Spectator introduced me to probably the most insouciant movie critic called Deborah Ross. Her personalised reviews opened a whole new world of movie criticism that doesn’t necessarily tip a hat at Pauline Kael, Roger Ebert. It’s fascinating to know how embedded magazine culture in the westerners’ DNA. I don’t know if we all came from Gogol’s overcoat, but as a cinephile I can certainly attest to the fact that the best cinema came from Cahiers Du Cinema with the likes of Truffaut, Godard, Rohmer, nouvelle vague, starting from there. The kind of stories the western magazines come up with while giving a big middle-fingered salute to hard news can be some delicious food of thought for the news-obsessed magazines that are available in India.

Our magazines insert all kind of forks in that eight-inch pie called news magazines. The features are downright risible and expecting insight on any issue would be optimism on steroids. Except Caravan, which shows a semblance of audacity to cock a snook at hard news, our magazines have a lot of soul searching to do. I am not saying I’ve become a better writer after poring through these magazines’ delicious prose. I still remain, and would continue to remain, someone who, as my former professor once said, “can’t write to save his life”. However, I find it almost epiphanic that I can add an extra dimension to an American president’s quote, “I am not educated but I read magazines”.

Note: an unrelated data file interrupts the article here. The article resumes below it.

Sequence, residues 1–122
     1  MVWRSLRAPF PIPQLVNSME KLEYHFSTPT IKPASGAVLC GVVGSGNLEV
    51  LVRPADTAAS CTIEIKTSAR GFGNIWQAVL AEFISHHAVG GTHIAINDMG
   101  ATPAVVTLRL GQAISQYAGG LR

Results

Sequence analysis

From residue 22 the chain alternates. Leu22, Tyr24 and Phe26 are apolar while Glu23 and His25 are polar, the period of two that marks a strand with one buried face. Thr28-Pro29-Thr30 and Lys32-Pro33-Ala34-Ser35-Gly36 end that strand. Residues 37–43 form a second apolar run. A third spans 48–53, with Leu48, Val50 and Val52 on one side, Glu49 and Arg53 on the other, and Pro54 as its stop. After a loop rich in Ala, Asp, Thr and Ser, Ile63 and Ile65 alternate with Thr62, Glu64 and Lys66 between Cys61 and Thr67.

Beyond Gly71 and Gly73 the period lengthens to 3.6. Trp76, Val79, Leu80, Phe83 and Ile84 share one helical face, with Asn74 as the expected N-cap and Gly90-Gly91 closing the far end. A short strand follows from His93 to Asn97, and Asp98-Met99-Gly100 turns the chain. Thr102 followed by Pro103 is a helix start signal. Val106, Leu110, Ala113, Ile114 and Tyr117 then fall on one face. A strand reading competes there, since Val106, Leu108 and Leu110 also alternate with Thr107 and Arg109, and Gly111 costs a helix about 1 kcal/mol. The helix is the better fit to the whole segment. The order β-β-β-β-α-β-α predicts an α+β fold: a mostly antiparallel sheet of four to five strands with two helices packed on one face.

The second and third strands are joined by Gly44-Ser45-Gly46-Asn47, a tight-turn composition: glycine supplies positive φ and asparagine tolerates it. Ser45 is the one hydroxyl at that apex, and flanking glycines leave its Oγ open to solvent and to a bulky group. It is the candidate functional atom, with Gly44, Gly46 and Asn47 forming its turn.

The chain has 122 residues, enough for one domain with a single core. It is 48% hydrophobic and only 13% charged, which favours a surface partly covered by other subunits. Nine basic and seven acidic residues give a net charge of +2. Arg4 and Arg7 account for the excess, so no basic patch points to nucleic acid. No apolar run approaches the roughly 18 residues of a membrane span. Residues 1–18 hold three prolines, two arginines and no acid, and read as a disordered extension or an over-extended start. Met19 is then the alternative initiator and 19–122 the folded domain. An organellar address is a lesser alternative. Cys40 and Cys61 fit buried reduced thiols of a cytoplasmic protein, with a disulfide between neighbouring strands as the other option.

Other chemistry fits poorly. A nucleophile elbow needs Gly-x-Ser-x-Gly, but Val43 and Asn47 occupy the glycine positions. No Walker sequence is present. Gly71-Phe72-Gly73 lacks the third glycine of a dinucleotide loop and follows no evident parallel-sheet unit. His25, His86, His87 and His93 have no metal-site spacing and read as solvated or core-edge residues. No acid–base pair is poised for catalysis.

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8 Responses to “It’s a mag, mag world”

  1. Ajit Says:

    I couldnt figure out from your clues “one min bombay walk, magazine store”. In which direction from Churchgate is this place and close to what?

  2. Jagannath Says:

    @M: Thanks so much for reading me

    @RG: I know what you mean by the lack of time for reading books part. It beats me how people say they don’t have time to read when every American president has been known to read at least 40 books in a year. If Amartya Sen can read why can’t lesser mortals like us? Your JustBooks initiative is very commendable. I wish to visit you sometime soon.

  3. RG Says:

    Nice little piece uninhibitedly sharing your joy at reading good stuff. As a collector of quotes I loved the one at the end. My favourite piece of career advice to those who (pitiably) lament their “lack of time to read books” is to at least read magazine articles online or off. A regular dose of articles provides perspectives that books on the same subject may not. Readers in Navi Mumbai can now access many mags including The Economist and Nat Geo for Rs. 50/- a month at the newly opened Just Books library at Nerul East.